Case Update - Loss of Ability to Work Overtime Is a Loss of Wage Earning Capacity


Montgomery County v. Deibler, 423 Md. 54 (Md. 2011) [10/27/11]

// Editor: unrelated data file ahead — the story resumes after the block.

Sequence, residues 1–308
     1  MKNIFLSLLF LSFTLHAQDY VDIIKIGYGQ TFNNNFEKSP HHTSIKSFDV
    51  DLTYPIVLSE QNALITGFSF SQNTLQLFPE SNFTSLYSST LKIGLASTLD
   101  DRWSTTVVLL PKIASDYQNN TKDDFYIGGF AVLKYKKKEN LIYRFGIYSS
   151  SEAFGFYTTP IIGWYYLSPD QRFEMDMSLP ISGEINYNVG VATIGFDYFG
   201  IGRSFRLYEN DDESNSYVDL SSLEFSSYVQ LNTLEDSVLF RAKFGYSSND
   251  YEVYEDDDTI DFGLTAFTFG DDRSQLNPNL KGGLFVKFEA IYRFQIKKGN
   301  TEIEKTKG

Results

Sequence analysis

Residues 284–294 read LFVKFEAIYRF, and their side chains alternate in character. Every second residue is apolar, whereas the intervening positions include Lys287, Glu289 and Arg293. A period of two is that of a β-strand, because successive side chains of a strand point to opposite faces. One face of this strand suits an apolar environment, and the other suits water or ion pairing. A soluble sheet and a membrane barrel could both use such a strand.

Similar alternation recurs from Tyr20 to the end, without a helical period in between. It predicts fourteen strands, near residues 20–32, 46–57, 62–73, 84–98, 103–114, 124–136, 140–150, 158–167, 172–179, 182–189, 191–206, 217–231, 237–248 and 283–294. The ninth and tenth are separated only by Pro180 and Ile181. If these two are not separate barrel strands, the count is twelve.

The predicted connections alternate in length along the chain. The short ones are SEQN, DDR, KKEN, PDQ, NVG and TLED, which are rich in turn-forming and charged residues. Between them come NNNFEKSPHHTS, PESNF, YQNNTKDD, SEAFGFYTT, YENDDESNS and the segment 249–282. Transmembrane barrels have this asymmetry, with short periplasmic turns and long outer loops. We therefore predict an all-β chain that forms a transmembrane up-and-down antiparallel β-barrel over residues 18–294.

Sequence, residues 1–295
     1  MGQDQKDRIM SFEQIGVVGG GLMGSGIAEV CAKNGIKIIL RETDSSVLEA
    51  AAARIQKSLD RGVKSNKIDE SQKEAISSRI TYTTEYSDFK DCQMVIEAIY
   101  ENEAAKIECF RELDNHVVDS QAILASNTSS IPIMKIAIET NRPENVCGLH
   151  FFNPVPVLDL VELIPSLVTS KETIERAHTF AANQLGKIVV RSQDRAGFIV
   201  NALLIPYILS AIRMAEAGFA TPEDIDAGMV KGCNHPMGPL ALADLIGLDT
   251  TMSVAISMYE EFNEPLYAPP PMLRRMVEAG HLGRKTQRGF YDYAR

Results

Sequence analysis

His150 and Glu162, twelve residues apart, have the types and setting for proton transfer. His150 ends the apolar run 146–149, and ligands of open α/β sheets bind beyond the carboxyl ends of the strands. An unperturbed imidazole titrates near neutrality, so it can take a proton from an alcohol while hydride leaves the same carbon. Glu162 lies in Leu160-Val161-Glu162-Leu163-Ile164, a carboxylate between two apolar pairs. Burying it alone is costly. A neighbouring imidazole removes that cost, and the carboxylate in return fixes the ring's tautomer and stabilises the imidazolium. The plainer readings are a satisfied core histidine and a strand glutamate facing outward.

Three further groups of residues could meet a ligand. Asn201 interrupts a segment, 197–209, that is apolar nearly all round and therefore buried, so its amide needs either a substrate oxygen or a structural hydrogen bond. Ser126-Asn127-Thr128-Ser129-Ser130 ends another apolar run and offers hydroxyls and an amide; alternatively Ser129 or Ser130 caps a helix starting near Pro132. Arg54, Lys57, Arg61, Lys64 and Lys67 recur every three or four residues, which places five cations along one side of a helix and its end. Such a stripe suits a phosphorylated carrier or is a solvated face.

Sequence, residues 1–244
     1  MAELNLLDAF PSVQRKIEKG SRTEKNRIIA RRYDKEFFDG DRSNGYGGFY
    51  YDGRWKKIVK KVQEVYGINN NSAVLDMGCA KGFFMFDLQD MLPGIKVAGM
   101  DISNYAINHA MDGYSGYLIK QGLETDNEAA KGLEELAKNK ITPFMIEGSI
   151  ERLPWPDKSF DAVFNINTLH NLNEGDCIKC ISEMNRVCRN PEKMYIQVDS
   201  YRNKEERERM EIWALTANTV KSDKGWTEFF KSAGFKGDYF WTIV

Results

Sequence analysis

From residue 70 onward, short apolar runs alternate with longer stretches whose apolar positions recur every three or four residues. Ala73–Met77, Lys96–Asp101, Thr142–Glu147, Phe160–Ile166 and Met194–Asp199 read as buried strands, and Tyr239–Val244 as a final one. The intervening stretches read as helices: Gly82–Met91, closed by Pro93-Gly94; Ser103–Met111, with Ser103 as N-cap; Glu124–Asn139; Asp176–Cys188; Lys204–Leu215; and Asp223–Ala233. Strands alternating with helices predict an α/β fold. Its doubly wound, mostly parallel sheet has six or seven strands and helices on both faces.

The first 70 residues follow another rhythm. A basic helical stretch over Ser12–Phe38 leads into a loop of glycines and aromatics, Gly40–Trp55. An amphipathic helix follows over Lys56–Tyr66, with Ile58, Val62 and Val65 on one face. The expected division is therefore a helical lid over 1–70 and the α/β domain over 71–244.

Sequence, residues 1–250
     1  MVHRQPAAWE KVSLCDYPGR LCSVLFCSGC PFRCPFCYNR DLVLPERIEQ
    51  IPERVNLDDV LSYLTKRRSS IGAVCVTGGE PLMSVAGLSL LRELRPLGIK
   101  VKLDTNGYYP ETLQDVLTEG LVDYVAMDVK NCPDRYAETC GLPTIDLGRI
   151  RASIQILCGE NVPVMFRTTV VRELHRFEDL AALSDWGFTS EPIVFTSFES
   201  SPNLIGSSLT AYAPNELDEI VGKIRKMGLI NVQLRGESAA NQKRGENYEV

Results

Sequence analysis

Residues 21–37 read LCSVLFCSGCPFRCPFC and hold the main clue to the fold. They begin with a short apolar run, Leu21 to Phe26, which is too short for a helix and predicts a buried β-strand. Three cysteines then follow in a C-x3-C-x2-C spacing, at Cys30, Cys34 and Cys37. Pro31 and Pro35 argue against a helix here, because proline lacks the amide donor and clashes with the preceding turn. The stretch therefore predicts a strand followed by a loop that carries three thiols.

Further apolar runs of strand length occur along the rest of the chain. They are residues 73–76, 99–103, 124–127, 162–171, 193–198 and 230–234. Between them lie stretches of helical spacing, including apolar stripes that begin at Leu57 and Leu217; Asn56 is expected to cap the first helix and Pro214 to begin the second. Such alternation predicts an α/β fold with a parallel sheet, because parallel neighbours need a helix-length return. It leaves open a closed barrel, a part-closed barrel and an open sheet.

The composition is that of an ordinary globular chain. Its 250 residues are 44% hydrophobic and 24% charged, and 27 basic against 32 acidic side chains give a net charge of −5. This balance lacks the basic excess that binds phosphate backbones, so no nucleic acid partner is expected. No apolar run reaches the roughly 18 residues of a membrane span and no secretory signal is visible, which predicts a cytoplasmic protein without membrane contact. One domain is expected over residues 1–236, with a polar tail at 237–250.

This case sought to decide whether a loss in the ability to work overtime and associated loss of overtime compensation qualifies as a lessening of an employee's wage earning capacity. The Court concluded that it does qualify. The employee was a firefighter who sustained two separate, compensable knee injuries and as a result was forced into a reduced working role. After his injuries, the employee was paid for 80 hours of work bi-weekly, reduced from a pre-injury 96-hour non-overtime bi-weekly paycheck. However, his hourly wage was increased and all cost of living payments adjusted so there was no change in his base pay after his injury. Before his injury, the employee worked an average of 11-15 hours of overtime in addition to the 96 hours. After his injury, he could no longer work these hours, and, light duty firefighters were required to get special permission to work overtime; this approval was not received by the employee. This resulted in a significant decrease in his income. The Commission found this increase was a loss in wage earning capacity and the County appealed. The Circuit Court affirmed the Commission and the County again appealed. The Court of Appeals found the phrase "wage earning capacity" subject to several interpretations and therefore ambiguous. The Court examined whether overtime compensation can be fairly characterized as a "wage." Based on a broad dictionary definition, the Court reasoned that overtime compensation was a wage by virtue of the expansive definition of wage, to include all types of renumeration for an employees' services.